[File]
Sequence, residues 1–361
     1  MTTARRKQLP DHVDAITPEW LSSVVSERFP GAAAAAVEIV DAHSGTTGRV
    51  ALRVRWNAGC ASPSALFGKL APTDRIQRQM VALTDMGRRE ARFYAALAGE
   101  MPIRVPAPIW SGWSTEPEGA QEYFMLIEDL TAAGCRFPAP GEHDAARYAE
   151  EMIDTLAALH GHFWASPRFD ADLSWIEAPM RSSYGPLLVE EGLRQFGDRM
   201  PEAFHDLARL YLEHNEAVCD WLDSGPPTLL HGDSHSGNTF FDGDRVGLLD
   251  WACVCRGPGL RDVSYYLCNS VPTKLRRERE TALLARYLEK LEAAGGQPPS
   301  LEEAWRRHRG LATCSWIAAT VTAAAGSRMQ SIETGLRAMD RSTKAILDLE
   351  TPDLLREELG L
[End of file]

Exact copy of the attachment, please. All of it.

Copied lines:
Sequence, residues 1–361
     1  MTTARRKQLP DHVDAITPEW LSSVVSERFP GAAAAAVEIV DAHSGTTGRV
    51  ALRVRWNAGC ASPSALFGKL APTDRIQRQM VALTDMGRRE ARFYAALAGE
   101  MPIRVPAPIW SGWSTEPEGA QEYFMLIEDL TAAGCRFPAP GEHDAARYAE
   151  EMIDTLAALH GHFWASPRFD ADLSWIEAPM RSSYGPLLVE EGLRQFGDRM
   201  PEAFHDLARL YLEHNEAVCD WLDSGPPTLL HGDSHSGNTF FDGDRVGLLD
   251  WACVCRGPGL RDVSYYLCNS VPTKLRRERE TALLARYLEK LEAAGGQPPS
   301  LEEAWRRHRG LATCSWIAAT VTAAAGSRMQ SIETGLRAMD RSTKAILDLE
   351  TPDLLREELG L